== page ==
In Russell Wilson, the Denver Broncos extended the NFL’s winningest QB for 10 seasons

The Denver Broncos can blow. Russell Wilson is under contract until 2028.

On the heels of the five-year, $245 million extension Wilson received, the Broncos have addressed the biggest problem plaguing this team since Super Bowl 50: the lack of a bona fide franchise quarterback.

Those who doubt Denver’s commitment to Wilson, or skeptics who say he’s “scrubbed,” suffer from the vagaries of recency bias. While it’s true that he’s just had the ‘worst’ season of his career, statistically speaking, we’re talking about a QB who, at the lowest point in his career and in the midst of a tricky finger injury on his throwing hand, still over-producing every flagger who’s started for the Broncos since Super Bowl 50.

The best Denver gleaned at quarterback since winning the Lombardi Trophy is 18 touchdowns for 10 interceptions, which came from Trevor Siemian in 2016 — Gary Kubiak’s last as head coach. Contrast that with Wilson’s production in 2021 in a “down” year: 25 touchdowns for six interceptions with 3,113 passing yards and a 103.1 passer rating.

After wandering the QB wilderness for the past six years, most Broncos fans will pick up this production every day and thrice Sundays.

It is true that the Broncos just paid a player who has not yet dressed on game day. But let’s put that into perspective. What exactly are the Broncos investing in?

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With 113 total wins to his name, Wilson is the winningest starting quarterback in NFL history over his first 10 seasons. He is also a nine-time Pro Bowler, Super Bowl XLVIII champion and Walter Payton NFL Man of the Year 2020.

“But Wilson is not part of the elite!” say the cynics and skeptics. How do you measure an “elite” QB?

If it’s based on wins, then no QB is more elite than Wilson, except maybe Tom Brady. If it’s based on the Pro Bowls, how many flaggers at least a decade into his career can say he made it to the Pro Bowl 90% of the time he played in the NFL?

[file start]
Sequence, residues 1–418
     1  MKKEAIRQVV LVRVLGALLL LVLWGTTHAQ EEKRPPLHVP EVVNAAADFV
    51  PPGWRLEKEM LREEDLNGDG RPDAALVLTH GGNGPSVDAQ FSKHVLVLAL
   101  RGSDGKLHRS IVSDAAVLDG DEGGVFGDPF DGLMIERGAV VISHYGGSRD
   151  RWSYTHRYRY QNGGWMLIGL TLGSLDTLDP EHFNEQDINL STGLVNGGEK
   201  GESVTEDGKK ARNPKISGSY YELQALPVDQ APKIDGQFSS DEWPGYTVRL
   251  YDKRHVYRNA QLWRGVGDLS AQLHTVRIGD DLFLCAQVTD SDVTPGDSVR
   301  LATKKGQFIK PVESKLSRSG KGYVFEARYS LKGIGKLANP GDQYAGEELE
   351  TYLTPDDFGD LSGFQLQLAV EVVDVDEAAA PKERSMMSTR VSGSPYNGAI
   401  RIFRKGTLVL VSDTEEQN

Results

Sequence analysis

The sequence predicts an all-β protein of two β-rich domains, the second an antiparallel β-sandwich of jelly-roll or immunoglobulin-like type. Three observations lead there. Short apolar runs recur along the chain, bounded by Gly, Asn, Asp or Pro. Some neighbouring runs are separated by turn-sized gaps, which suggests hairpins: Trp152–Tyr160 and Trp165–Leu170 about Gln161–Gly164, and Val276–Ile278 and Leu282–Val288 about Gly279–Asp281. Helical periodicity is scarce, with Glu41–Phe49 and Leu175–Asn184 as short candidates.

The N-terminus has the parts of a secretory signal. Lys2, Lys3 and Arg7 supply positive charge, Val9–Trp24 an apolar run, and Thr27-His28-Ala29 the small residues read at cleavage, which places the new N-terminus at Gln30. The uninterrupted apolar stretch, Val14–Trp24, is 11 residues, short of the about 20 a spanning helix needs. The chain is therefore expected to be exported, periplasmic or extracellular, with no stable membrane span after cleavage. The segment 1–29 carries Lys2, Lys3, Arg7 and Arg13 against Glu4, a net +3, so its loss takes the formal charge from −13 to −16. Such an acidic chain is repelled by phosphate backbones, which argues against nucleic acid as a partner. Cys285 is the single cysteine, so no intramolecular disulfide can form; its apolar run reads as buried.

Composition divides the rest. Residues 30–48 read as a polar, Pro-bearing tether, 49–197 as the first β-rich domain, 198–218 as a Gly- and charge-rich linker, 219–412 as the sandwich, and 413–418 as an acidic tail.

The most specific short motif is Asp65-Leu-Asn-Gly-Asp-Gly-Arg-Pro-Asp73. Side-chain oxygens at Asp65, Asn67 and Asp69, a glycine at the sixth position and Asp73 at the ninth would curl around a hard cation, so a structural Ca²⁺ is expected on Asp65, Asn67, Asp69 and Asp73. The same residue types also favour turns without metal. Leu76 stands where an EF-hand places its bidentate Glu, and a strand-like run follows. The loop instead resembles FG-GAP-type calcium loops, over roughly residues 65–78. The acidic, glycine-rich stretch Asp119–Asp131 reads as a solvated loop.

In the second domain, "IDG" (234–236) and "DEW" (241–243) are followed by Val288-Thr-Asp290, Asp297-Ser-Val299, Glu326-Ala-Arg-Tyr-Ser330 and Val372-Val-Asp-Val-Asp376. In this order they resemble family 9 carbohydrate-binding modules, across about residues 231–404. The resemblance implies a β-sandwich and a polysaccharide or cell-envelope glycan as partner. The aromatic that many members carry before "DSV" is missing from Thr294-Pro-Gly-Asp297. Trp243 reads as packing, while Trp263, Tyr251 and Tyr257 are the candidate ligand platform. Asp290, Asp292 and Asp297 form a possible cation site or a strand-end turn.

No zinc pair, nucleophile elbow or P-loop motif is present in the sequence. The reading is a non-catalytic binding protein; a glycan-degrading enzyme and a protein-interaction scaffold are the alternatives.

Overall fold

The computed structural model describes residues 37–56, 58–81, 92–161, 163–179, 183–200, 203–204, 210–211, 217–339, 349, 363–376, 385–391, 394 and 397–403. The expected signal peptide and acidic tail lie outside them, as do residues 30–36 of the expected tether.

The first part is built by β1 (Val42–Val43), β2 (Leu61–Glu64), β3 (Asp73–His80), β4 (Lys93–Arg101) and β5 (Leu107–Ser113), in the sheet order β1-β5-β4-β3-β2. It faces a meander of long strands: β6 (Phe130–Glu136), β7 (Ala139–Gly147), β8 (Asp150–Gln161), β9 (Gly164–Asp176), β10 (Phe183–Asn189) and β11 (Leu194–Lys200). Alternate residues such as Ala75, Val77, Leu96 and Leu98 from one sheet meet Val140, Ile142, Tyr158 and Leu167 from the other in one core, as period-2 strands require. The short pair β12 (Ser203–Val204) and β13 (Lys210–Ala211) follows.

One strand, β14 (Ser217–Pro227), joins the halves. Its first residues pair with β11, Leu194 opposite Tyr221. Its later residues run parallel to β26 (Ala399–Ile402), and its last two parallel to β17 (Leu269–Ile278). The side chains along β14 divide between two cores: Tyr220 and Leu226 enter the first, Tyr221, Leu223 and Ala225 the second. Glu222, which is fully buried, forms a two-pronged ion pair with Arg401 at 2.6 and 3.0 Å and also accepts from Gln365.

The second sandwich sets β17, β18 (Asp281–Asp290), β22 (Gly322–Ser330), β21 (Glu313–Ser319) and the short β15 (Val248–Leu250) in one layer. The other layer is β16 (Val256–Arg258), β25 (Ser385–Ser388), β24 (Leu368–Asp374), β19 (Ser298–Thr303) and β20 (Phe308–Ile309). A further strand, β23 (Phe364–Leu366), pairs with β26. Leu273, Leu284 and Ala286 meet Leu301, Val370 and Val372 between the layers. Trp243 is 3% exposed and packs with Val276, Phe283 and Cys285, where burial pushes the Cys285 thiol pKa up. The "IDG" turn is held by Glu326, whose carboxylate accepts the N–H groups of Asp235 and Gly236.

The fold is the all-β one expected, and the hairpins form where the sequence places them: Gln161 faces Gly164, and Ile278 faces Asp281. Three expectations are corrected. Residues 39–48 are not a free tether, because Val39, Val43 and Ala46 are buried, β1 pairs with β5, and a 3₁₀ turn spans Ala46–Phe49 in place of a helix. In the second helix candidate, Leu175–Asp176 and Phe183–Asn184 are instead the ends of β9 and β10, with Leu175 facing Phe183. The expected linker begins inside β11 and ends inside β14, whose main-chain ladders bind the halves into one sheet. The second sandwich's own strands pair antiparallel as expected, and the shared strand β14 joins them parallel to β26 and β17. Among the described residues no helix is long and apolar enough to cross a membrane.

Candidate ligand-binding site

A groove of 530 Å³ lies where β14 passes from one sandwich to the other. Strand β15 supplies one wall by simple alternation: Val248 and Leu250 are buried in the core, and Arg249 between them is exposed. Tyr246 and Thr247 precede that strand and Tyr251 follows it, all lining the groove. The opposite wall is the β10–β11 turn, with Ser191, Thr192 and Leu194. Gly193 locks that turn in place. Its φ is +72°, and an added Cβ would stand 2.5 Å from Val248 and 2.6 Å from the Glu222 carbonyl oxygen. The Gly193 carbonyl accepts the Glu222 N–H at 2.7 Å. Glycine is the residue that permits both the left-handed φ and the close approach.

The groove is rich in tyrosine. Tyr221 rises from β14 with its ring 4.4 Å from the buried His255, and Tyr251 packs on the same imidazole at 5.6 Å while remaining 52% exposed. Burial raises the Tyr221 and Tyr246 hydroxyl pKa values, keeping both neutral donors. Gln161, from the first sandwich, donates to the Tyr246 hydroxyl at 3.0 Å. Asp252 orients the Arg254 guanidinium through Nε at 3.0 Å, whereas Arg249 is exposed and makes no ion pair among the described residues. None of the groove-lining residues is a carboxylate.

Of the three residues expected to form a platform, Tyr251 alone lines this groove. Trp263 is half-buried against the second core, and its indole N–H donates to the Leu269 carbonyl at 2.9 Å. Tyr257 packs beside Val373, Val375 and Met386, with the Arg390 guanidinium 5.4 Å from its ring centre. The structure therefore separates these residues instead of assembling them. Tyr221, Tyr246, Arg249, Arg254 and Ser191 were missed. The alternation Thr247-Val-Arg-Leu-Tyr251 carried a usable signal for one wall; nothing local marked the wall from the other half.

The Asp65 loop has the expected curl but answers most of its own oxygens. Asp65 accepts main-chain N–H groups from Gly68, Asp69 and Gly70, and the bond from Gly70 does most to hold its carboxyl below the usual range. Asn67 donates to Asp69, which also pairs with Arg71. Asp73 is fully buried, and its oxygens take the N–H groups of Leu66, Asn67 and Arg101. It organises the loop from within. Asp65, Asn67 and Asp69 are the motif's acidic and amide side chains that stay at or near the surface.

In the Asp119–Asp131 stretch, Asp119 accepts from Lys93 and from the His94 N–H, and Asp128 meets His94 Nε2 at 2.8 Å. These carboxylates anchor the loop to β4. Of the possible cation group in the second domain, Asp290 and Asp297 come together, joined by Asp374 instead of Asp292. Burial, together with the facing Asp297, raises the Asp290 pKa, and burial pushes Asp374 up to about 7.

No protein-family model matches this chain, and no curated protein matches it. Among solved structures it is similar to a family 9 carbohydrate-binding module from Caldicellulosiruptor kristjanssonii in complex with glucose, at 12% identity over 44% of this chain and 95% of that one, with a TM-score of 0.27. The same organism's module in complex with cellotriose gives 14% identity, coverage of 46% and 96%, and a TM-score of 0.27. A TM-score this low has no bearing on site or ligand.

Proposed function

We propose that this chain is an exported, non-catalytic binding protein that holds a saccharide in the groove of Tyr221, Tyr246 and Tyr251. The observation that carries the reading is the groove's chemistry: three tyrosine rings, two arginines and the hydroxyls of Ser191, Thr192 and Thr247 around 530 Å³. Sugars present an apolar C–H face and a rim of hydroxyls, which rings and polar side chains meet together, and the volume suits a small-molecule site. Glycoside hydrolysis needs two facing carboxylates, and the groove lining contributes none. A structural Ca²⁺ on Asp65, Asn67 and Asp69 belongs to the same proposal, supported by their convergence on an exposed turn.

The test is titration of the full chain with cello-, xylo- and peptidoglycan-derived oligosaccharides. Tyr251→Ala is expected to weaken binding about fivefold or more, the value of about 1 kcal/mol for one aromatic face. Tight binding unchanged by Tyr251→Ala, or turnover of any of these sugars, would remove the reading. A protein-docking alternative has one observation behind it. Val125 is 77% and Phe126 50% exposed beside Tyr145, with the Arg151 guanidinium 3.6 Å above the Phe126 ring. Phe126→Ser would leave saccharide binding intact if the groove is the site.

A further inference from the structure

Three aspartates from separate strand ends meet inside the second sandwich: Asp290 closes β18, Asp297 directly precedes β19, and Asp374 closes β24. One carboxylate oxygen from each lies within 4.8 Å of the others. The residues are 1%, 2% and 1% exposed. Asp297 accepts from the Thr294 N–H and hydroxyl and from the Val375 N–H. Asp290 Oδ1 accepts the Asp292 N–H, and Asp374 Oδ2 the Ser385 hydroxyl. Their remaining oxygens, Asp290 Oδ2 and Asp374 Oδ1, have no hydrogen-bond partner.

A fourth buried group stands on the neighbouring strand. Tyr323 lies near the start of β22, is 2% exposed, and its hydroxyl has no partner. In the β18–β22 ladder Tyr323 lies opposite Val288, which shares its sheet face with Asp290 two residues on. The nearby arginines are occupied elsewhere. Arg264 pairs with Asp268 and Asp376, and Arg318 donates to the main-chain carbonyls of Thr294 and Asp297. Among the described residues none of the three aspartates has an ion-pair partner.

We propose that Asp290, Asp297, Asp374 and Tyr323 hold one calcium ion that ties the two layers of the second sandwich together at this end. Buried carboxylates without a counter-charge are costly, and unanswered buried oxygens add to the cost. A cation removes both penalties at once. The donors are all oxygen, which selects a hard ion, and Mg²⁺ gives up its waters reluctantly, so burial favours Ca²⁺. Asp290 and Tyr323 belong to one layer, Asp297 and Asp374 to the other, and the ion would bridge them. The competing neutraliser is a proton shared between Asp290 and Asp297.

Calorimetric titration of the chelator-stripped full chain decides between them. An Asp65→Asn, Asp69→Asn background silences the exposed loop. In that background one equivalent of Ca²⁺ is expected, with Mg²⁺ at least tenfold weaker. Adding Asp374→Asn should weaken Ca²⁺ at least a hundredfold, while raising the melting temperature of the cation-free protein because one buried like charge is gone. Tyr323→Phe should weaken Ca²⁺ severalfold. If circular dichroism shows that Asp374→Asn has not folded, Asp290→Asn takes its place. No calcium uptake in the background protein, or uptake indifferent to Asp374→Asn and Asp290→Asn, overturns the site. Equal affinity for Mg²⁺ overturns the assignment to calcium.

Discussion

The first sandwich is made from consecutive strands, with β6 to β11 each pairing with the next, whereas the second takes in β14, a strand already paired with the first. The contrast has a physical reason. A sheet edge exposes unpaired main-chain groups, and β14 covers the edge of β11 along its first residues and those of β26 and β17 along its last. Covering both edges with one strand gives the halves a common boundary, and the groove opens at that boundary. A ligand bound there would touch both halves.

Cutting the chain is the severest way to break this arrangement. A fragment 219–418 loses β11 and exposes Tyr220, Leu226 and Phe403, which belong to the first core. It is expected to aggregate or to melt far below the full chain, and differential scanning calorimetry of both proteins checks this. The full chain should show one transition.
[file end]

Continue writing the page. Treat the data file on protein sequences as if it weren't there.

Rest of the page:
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Rings? Check. Statistical output? Let’s talk about that.

Among active quarterbacks since 2012, when Wilson entered the league as Seattle’s third-round draft pick, he ranks in the top 10 in touchdown passes (292—2nd), completions (3,079— 4th), passing yards (37059—4th), passer rating (101.8—4th), and completion percentage (65.0—9th). He became the only player in NFL history to throw for 35,000 yards and rush for 4,500 yards in his first 10 years in the league.

In seven of his 10 NFL seasons, Wilson has posted a passer rating of at least 100. He is also one of only four QBs in NFL history to post a passer rating above 100. (101.8). The only other quarterbacks to do so are Patrick Mahomes, Deshaun Watson and Aaron Rodgers.

What about reliability from a health point of view? Wilson has started a total of 174 out of 177 games. For those like me who don’t do the math well, he’s only missed three career starts, and they all came last year with that Mallet finger .

Perhaps it’s the playoff cache that measures an “elite” QB. If so, let’s marvel at Wilson’s 16 playoff starts in eight seasons, where he threw for 25 touchdowns with 12 interceptions and posted a 95.3 passer rating while completing 275 of 451 passes (61 .0%) for 3,786 yards.

Yeah, the Broncos knew what they were investing in. Wilson oozes cache, influence and good faith.

In fact, Wilson might be the safest investment in professional football history.


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